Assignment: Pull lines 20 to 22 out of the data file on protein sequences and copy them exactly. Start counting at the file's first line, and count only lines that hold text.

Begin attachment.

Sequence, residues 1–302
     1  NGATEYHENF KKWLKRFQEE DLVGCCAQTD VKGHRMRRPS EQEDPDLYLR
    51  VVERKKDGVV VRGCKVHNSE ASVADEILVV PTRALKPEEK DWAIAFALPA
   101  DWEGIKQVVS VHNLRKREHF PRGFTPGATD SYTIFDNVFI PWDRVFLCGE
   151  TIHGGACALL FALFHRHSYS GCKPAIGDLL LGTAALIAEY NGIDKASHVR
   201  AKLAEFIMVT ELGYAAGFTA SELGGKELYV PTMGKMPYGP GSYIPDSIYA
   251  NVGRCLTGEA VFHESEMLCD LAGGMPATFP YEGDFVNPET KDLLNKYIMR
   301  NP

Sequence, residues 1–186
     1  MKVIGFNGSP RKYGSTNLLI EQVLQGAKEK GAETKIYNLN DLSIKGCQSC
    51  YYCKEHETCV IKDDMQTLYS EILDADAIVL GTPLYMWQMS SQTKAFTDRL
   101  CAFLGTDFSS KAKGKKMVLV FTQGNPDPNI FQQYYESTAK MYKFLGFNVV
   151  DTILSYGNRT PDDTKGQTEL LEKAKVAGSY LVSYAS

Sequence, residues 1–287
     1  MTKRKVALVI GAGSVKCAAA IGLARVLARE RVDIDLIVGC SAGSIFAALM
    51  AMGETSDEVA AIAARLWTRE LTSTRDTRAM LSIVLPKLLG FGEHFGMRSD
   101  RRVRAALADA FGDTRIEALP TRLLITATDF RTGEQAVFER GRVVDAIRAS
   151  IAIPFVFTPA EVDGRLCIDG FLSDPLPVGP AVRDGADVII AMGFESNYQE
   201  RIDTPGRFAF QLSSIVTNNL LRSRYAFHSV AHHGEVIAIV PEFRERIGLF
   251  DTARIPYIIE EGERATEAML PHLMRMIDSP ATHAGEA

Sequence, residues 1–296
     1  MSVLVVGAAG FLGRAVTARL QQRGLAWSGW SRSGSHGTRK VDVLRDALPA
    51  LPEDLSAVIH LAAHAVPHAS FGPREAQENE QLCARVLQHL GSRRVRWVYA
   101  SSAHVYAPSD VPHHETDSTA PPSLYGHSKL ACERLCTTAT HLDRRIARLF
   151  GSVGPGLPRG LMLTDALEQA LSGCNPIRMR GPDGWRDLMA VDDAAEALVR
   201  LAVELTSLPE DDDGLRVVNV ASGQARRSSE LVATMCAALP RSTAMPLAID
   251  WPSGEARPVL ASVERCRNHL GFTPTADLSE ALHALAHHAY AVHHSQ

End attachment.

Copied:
   251  DTARIPYIIE EGERATEAML PHLMRMIDSP ATHAGEA

Sequence, residues 1–296
     1  MSVLVVGAAG FLGRAVTARL QQRGLAWSGW SRSGSHGTRK VDVLRDALPA